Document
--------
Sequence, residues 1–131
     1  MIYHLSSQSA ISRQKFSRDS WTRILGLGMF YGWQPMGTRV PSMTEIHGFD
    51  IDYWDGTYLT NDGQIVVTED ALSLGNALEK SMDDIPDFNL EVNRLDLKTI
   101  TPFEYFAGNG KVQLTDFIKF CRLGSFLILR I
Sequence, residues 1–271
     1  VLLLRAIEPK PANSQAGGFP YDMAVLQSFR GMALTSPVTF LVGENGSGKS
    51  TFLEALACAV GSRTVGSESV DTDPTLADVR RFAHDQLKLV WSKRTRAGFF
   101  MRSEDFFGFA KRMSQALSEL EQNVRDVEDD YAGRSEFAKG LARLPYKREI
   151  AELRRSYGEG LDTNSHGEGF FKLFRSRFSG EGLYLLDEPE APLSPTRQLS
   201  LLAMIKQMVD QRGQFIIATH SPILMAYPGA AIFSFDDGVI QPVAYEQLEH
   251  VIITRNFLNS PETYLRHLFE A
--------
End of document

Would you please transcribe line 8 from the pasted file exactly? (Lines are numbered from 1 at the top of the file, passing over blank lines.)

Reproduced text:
   101  MRSEDFFGFA KRMSQALSEL EQNVRDVEDD YAGRSEFAKG LARLPYKREI